Graduate School of Nursing Dissertations

ORCID

https://orcid.org/0000-0002-4792-6893

Publication Date

2020-05-15

Document Type

Dissertation, Doctoral

Department

Graduate School of Nursing

Dissertation Committee Chair

Carol Bova

Keywords

Opioids, opioid disposal, general surgery, video education

Subject Categories

Nursing | Public Health Education and Promotion

Abstract

PURPOSE: The purpose of this feasibility study was to explore the use of an online video intervention to prepare surgical patients to properly dispose of unused opioids.

SPECIFIC AIMS:

  1. Describe the feasibility of recruiting, enrolling, randomizing and retaining participants who recently had a general surgery into the study.
  2. Describe the differences in opioid disposal by age, sex, education, and type of surgery for the entire sample and by treatment assignment.
  3. Describe the preliminary change in knowledge, behavioral beliefs, normative beliefs and disposal of opioids from baseline to post-intervention by group.
  4. Describe the relationship between social desirability and behavioral beliefs, normative beliefs and disposal of opioids.

FRAMEWORK: The Theory of Reasoned Action was used to guide both the intervention and the measures.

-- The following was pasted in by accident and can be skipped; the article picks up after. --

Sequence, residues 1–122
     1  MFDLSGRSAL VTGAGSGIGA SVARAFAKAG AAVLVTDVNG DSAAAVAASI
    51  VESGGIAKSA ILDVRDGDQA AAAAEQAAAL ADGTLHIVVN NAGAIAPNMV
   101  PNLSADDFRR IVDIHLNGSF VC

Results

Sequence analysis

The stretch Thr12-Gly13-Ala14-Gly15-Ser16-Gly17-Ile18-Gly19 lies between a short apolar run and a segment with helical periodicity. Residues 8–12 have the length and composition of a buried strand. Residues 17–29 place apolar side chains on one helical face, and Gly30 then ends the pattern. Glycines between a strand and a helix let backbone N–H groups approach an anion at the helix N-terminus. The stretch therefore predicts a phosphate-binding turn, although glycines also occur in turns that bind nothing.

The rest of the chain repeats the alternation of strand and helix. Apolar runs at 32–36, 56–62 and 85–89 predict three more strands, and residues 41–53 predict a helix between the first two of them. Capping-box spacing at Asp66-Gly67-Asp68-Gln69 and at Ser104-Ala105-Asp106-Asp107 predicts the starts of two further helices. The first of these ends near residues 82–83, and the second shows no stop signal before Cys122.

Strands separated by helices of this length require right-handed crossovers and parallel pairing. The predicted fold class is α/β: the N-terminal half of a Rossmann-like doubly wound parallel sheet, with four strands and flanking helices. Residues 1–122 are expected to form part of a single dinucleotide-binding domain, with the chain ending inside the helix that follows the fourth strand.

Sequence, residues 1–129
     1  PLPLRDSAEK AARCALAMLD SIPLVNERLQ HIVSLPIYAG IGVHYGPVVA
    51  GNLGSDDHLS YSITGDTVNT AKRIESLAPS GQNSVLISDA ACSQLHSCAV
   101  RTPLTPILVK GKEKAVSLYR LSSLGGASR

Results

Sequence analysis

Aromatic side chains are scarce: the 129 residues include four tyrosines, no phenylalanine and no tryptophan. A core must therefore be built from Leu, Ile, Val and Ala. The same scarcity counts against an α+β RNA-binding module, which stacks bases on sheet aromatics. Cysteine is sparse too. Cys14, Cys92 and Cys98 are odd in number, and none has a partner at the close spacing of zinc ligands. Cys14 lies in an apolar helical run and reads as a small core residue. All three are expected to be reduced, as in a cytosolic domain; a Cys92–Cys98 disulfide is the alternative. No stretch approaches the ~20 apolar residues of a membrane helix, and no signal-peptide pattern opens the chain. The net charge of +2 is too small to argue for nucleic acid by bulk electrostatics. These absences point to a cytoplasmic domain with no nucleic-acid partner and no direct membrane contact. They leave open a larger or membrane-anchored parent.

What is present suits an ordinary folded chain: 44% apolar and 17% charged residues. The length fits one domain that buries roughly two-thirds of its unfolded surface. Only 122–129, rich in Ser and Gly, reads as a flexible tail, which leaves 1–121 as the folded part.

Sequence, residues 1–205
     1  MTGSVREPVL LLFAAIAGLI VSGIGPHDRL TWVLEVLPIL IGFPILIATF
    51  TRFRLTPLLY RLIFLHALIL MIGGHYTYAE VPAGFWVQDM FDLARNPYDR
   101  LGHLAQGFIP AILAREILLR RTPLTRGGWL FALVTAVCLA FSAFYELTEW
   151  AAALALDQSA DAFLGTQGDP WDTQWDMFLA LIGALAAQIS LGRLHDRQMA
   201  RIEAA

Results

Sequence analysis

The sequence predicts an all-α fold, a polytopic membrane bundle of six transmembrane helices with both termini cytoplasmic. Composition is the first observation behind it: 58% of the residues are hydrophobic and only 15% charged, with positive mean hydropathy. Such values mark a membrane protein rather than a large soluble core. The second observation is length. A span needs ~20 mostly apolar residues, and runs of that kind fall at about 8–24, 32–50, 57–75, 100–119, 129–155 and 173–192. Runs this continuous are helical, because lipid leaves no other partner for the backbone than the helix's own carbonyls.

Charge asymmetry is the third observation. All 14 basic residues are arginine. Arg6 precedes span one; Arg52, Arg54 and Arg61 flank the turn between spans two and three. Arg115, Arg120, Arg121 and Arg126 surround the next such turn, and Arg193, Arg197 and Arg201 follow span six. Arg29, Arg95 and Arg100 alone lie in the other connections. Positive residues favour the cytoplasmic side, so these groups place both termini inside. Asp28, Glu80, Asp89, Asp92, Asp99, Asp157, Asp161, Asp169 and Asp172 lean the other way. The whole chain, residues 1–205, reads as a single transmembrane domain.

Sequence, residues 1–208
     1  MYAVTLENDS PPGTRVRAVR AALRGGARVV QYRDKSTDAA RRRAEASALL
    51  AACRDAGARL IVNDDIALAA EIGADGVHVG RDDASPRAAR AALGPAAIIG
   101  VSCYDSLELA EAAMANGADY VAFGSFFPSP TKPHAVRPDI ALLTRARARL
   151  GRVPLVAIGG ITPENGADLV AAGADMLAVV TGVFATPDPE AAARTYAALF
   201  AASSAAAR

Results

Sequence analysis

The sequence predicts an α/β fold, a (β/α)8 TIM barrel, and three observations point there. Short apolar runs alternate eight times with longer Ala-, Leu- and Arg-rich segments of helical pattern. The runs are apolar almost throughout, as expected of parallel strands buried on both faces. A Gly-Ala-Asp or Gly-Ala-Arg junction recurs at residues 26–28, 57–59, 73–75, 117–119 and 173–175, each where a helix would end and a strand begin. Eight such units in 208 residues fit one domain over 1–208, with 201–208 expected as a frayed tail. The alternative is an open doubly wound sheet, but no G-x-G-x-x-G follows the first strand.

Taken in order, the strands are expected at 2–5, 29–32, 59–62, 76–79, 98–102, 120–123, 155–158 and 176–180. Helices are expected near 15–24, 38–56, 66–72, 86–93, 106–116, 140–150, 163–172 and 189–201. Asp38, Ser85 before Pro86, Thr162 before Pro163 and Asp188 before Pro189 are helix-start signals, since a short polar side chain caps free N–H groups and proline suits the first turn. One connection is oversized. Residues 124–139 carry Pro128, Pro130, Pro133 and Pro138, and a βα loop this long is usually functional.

DESIGN: This study used a randomized controlled feasibility study to explore a novel video intervention to teach safe storage and disposal of unused opioids after general surgery.

RESULTS: A total of 40 participants were enrolled in the study, average age was 44.7 (range 21-75 years), most were White, educated and employed. Recruitment took 11 weeks and the retention rate was excellent at 85%. Differences in opioid disposal was not significantly different by age, sex, education or type of surgery. The video intervention was positively received, but the majority (80%) still stored their pills unsecured.

CONCLUSION: The results demonstrate that a video intervention addressing safe storage and disposal practices of unused opioids is feasible and more research is needed to determine efficacy in increasing rates of secure storage and disposal of unused opioid pills

KEYWORDS: Opioids, opioid disposal, general surgery, video education

DOI

10.13028/twsa-eq07

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Copyright © 2020 Lewis

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Creative Commons Attribution 4.0 License
This work is licensed under a Creative Commons Attribution 4.0 License.

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